The debate about Noreika and other collaborators who sided with the Nazis when they were fighting Russia during World War II goes to the heart of Lithuania’s national narrative that it was and is a victim of Russia. Seen through that prism, collaborators like Noreika or Juozas Ambrazevicius, the leader of a local pro-Nazi government, sided with Germany only to achieve independence for Lithuania.
But that narrative ignores the level of complicity by ordinary Lithuanians — many of whom viewed Jews as agents of communism — in the near total annihilation of the approximately 220,000 Jews who lived in Lithuania before the Holocaust, according to Efraim Zuroff, the Eastern Europe director of the Simon Wiesenthal Center.
Zuroff believes that the veneration of people like Noreika in some ways is rooted in a collective desire to whitewash Lithuanian complicity.
“You see this tendency across Eastern Europe,” he said, “but it’s strongest specifically in the countries with the highest amounts of genocide complicity.”
Lithuania is the only Nazi-occupied country noted by Israel’s Yad Vashem museum for its people’s “enthusiasm” for collaboration with Germany. And even when this enthusiasm “subsided … hostility towards Jews and denunciation persisted,” the museum says.
One example of this genocidal zeal occurred in Kaunas, Lithuania’s second city. At the Lietukis Garage, pro-German Lithuanian nationalists killed more than 50 Jewish men in 1941 by beating, hosing and then murdering them with iron bars, according to the U.S. Holocaust Memorial Museum. Some of the perpetrators then posed for pictures with the victims’ tortured bodies, providing some of the most memorable images of Nazi collaboration anywhere.
Foti’s research turned the plaque for Noreika into a symbol for the fight for recognition of that complicity. But the plaque is just one of numerous expressions of veneration for perpetrators.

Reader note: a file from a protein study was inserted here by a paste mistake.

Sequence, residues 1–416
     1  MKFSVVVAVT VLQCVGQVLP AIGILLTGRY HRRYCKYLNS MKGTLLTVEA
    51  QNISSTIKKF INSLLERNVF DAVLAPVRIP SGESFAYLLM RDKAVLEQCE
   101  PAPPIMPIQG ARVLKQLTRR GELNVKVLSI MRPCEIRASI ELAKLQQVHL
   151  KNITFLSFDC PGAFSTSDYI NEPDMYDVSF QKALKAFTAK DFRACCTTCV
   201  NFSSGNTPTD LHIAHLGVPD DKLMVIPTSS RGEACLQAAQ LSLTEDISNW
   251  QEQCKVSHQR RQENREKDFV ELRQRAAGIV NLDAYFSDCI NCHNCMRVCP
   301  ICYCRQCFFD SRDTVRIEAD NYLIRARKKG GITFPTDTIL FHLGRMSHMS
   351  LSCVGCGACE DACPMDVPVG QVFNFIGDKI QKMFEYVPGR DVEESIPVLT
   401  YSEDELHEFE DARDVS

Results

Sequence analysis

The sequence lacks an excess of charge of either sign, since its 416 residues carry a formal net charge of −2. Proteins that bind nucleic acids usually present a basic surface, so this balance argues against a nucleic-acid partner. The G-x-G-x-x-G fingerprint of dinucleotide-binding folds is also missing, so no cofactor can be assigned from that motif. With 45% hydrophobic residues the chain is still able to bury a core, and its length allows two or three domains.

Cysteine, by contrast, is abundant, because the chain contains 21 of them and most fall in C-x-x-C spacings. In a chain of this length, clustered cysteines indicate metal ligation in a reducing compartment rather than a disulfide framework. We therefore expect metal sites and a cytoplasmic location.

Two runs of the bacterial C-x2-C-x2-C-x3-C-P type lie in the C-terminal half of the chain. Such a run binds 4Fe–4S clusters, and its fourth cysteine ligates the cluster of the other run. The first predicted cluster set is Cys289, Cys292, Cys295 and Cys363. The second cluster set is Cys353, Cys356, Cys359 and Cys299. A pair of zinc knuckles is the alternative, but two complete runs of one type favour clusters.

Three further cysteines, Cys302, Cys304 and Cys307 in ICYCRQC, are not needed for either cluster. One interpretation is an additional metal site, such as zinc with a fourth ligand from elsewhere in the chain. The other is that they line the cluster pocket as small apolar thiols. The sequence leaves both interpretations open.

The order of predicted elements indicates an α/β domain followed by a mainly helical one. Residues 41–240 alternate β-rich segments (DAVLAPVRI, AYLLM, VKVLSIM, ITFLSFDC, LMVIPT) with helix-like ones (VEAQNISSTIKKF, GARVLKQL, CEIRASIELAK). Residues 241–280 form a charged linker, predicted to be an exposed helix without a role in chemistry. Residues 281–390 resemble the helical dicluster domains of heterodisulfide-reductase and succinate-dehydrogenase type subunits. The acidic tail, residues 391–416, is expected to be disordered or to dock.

Juozas Krikstaponis, a member of a death squad who killed thousands of Jews in Lithuania and Belarus, has a monument for him in the city of Ukmergė, 30 miles north of Vilnius.
The Nazi collaborator Kazys Skirpa, who represented his nation in Berlin during World War II, has a main street named after him in Kaunas, and his image features regularly in nationalist marches. An outspoken anti-Semite, Skirpa “proposed to solve ‘the Jewish problem’ not by genocide but by the method of expulsion from Lithuania,” the Genocide and Resistance Research Center of Lithuania asserted in 2015.
Against this background, the developments around Foti’s article have surprised veteran campaigners for Holocaust recognition in Lithuania.
Zuroff acknowledged that Jewish Holocaust scholars like himself are “easy to dismiss” in Lithuania as Russian agents or disgruntled enemies of the Lithuanian nation. Even ethnic Lithuanians who try to confront complicity quickly get labeled as traitors.
In 2015, Zuroff co-authored a landmark book with Ruta Vanagaite, a successful writer who is not Jewish, that chronicles their joint travels across many of the killing sites of Jews that dot Lithuania and their history. “Our People” also features Vanagaite’s discovery that two of her close relatives, her grandfather and uncle, were active in the persecution of Jews.
But Vanagaite’s publishing house last year dropped her as the mainstream media attempted to discredit her. Landsbergis, who was Lithuania’s first leader after communism, published an op-ed on the Delfi news site calling Vanagaite a “moral scumbag” and “Mrs. Dushanski” – a reference to the Jewish KGB officer Nachman Dushanski.
Vanagaite’s publishing house also recalled all of her books, only one of which was about the Holocaust. And the governing coalition in April introduced a bill banning the sale of books that “distort historical facts” in what was seen as direct reaction to some of her claims about World War II.